Warren County R-III school officials working to add more SROs

By Jason Koch, Editor
Posted 9/19/23

The Warren County R-III district is working with the Warrenton and Truesdale, Missouri, police to add student resources officers to elementary schools.

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Warren County R-III school officials working to add more SROs


The Warren County R-III school district is working with the cities of Warrenton and Truesdale to make more school resource officers available.

A school resource officer, or SRO, is a full commissioned police officer from a city department whose primary function is to make sure everyone is safe at school, superintendent Dr. Gregg Klinginsmith said.

The district currently has SROs at Black Hawk Middle School and Warrenton High School. 

Those two SROs are both employed by the Warrenton Police Department, with those costs split between the city and the school district.

Now, school officials would like to add an SRO to Rebecca Boone, Daniel Boone, and Warrior Ridge elementary schools.

“The more security we have, the better,” Klinginsmith said.

If the SROs are added, the Daniel Boone and Warrior Ridge officers would be employed by the Warrenton police and the Rebecca Boone SRO would be a member of the Truesdale Police Department.

Both departments said they would have to hire new officers specifically to serve as SROs.

Warrenton City Administrator Brandie Walters said the city is currently reviewing its agreement and hopes to have it ready for aldermen to vote on at the next meeting. 

She said if aldermen approve the new agreement, the city would begin advertising the two positions immediately.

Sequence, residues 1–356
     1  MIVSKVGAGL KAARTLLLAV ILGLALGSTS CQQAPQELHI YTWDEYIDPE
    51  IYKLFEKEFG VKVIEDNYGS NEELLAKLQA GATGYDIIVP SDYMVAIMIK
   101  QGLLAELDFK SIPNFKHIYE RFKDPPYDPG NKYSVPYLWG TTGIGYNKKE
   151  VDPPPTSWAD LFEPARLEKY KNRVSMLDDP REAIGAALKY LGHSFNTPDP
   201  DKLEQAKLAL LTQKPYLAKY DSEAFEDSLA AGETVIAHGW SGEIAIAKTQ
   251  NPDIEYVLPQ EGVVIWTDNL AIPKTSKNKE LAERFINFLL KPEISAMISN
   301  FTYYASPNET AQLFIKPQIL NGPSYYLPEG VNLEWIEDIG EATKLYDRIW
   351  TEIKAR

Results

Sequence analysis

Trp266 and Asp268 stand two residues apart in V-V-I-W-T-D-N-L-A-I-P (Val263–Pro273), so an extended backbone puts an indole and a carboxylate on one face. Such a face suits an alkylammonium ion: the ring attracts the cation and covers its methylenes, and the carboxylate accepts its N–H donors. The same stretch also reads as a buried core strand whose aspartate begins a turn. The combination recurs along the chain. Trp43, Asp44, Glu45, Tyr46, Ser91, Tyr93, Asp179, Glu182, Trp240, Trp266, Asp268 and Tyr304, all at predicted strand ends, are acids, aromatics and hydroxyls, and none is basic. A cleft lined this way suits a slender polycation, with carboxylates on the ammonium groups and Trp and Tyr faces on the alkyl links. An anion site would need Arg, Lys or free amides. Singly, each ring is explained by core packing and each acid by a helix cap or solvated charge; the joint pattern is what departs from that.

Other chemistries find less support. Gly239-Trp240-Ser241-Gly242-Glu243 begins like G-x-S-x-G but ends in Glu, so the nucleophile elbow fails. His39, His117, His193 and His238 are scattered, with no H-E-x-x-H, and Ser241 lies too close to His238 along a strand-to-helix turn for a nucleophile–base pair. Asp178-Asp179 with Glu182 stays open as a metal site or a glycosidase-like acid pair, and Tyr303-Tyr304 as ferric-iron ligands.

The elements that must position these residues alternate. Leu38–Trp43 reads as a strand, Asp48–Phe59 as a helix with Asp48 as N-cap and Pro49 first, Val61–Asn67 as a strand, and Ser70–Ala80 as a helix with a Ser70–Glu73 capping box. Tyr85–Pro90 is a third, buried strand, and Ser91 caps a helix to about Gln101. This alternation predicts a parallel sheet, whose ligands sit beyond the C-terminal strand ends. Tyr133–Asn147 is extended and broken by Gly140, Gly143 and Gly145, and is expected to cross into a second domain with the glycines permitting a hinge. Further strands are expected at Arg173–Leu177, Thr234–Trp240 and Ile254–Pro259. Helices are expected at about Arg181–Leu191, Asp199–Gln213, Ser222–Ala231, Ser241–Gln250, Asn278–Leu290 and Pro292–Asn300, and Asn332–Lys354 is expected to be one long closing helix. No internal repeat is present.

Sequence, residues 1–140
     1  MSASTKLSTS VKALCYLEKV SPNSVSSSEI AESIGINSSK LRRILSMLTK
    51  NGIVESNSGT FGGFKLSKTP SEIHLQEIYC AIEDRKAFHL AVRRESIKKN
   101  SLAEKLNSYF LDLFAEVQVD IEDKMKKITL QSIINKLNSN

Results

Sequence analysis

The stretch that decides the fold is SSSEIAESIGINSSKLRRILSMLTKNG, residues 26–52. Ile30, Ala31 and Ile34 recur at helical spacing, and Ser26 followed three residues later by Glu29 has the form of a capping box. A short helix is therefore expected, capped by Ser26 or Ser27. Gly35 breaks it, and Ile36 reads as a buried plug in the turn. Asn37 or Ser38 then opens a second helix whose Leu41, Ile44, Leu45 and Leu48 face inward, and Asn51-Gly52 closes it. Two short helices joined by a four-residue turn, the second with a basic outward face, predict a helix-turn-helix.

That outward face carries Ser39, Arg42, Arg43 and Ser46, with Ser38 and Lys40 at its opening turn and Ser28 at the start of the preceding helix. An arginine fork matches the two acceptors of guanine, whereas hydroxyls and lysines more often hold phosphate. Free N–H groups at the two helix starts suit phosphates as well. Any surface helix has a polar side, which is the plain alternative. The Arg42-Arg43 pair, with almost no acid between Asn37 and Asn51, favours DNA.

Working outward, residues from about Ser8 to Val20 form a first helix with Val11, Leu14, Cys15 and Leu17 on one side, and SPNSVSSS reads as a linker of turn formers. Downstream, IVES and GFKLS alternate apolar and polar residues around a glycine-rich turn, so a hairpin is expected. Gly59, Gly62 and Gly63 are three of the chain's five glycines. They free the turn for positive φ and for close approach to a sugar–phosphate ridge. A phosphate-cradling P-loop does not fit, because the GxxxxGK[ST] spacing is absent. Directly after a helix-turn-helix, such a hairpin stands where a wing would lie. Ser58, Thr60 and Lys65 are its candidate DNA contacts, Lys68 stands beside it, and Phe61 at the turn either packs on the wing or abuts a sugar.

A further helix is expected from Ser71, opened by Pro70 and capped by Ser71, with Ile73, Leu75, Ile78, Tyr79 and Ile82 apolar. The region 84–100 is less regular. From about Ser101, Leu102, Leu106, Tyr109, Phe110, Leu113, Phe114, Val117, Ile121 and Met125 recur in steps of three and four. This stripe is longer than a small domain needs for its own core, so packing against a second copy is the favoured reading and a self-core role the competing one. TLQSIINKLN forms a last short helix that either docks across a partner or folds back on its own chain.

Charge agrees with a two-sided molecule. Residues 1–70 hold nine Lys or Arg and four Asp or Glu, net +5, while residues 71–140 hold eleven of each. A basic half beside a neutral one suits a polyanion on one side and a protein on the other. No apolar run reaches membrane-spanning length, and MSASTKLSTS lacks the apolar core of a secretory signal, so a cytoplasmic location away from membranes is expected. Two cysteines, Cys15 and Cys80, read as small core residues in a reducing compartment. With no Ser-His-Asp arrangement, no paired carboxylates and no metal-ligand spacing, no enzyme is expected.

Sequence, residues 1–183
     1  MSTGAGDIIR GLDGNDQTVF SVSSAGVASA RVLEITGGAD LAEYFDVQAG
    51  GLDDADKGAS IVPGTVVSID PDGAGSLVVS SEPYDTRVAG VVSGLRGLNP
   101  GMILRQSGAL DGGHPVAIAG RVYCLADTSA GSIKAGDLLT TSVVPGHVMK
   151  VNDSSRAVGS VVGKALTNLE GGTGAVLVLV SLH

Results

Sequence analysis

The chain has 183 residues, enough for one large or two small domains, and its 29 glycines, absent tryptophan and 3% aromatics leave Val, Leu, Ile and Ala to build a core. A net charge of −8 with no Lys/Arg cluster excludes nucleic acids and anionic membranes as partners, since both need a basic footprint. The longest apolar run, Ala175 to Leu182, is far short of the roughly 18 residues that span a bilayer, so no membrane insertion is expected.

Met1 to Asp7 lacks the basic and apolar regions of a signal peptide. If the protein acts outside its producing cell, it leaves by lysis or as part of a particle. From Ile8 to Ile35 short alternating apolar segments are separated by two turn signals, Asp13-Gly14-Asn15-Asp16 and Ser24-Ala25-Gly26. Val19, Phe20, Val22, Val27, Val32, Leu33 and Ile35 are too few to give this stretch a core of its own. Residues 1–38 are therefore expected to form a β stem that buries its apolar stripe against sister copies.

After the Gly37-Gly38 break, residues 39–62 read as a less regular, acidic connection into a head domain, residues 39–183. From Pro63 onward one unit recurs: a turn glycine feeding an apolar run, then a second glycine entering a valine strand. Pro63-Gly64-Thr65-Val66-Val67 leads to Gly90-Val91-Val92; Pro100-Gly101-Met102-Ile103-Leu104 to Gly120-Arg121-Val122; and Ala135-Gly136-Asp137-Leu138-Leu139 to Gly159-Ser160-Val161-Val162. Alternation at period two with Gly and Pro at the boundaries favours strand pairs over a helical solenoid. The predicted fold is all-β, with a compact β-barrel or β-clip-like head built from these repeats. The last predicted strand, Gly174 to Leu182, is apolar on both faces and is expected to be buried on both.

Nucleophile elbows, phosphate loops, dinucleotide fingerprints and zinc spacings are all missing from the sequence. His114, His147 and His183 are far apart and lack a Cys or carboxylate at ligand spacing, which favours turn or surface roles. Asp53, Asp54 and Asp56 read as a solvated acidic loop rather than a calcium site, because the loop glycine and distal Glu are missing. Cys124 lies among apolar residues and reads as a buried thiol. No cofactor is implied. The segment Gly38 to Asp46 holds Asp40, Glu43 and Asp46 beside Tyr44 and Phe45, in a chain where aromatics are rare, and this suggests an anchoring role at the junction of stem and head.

Neither Warrenton nor Truesdale have yet approved money for the positions, but officials in both cities made it clear during recent meetings they support the expansion.

“I think it’d be good in this day and age of school shootings and school violence,” Truesdale Mayor Jerry Cannon said. 

Cannon, who is also a middle school teacher, said it’s important to protect the kids.

“With everything that’s going on and how easy it is to get into a school and just all the safety that goes around, we’re investing in our own kids,” he said during the Aug. 23 meeting.

Warrenton officials expressed a similar thought.

“The city, as far as the board and mayor, as well as city staff are proud to be supporters of the SROs in school,” Walters said.

Warrenton officials said Klinginsmith and the district offered to pay two-thirds of the cost of the officers, which would amount to the city paying an additional $25,000. 

Walters and Finance Manager Dana Belaska said the city could afford that, and Alderman Roger Romaker said the total “is pretty cost effective for an officer.”

In Truesdale, the cost of the new officer would be split 50-50, City Clerk Elsa Smith-Fernandez told aldermen.

Both cities said they still had some details to work out and would discuss the issue again at a future meeting.

Klinginsmith also said the cost of the new officers was something the school district could afford, saying the cost would be roughly an extra $150,000. 

“Now that our budgets are healthier, we have an opportunity to increase security,” he said. 

“So we’re hopeful to be able to do that. … Security is one of those things you just can’t have enough of, so we’re thankful that it sounds like the cities was to increase this and help support the cause.”

But the SRO program isn’t just about security, Klinginsmith said. Officers can help with a number of other issues school districts face.

“It might just be helping us interpret the law if we have a custody dispute, so it’s great for the SRO to help get into the documents that they have access to to help tort that out,” Klinginsmith said. 

“And things like directing traffic or de-escalating a threat, any of that stuff is something that they would find valuable.”

Klinginsmith said that value is what makes SROs such an important part of the school.

“We want to build a positive relationship with our police department,” Klinginsmith said.

 “So it gives our students opportunities to know the police officers and that they’re there to help and that we’re really working together as a community to keep everyone safe.”

About the author: Jason Koch is the editor of The Warren County Record, and covers local news and government for the newspaper. He has won multiple awards from both the Indiana and Illinois APME and from the Illinois Press Association. He can be reached at 636-456-6397 or at

warren county, r iii, sro, truesdale, warrenton